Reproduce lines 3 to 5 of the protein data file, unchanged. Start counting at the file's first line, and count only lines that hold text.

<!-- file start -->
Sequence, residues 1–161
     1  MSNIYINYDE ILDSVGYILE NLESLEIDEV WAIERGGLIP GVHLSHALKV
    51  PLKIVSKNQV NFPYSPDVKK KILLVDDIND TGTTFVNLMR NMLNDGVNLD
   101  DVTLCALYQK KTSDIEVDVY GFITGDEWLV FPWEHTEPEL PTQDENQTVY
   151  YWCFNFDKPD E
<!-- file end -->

    51  PLKIVSKNQV NFPYSPDVKK KILLVDDIND TGTTFVNLMR NMLNDGVNLD
   101  DVTLCALYQK KTSDIEVDVY GFITGDEWLV FPWEHTEPEL PTQDENQTVY
   151  YWCFNFDKPD E